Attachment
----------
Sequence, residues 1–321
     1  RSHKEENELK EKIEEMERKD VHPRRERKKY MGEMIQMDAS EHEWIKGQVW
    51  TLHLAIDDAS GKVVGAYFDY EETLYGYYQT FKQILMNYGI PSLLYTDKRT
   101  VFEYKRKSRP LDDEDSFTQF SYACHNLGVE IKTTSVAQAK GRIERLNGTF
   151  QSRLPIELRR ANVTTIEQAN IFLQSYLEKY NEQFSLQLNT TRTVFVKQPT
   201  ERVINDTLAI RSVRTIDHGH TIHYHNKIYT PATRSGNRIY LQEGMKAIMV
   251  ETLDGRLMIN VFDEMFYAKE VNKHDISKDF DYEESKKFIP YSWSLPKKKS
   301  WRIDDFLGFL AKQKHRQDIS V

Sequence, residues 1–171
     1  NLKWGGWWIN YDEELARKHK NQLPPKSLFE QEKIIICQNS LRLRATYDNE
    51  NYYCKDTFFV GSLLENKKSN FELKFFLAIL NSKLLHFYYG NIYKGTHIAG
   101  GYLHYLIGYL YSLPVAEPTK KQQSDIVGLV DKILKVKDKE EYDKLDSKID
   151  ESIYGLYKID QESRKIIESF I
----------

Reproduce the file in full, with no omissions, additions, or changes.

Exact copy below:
Sequence, residues 1–321
     1  RSHKEENELK EKIEEMERKD VHPRRERKKY MGEMIQMDAS EHEWIKGQVW
    51  TLHLAIDDAS GKVVGAYFDY EETLYGYYQT FKQILMNYGI PSLLYTDKRT
   101  VFEYKRKSRP LDDEDSFTQF SYACHNLGVE IKTTSVAQAK GRIERLNGTF
   151  QSRLPIELRR ANVTTIEQAN IFLQSYLEKY NEQFSLQLNT TRTVFVKQPT
   201  ERVINDTLAI RSVRTIDHGH TIHYHNKIYT PATRSGNRIY LQEGMKAIMV
   251  ETLDGRLMIN VFDEMFYAKE VNKHDISKDF DYEESKKFIP YSWSLPKKKS
   301  WRIDDFLGFL AKQKHRQDIS V

Sequence, residues 1–171
     1  NLKWGGWWIN YDEELARKHK NQLPPKSLFE QEKIIICQNS LRLRATYDNE
    51  NYYCKDTFFV GSLLENKKSN FELKFFLAIL NSKLLHFYYG NIYKGTHIAG
   101  GYLHYLIGYL YSLPVAEPTK KQQSDIVGLV DKILKVKDKE EYDKLDSKID
   151  ESIYGLYKID QESRKIIESF I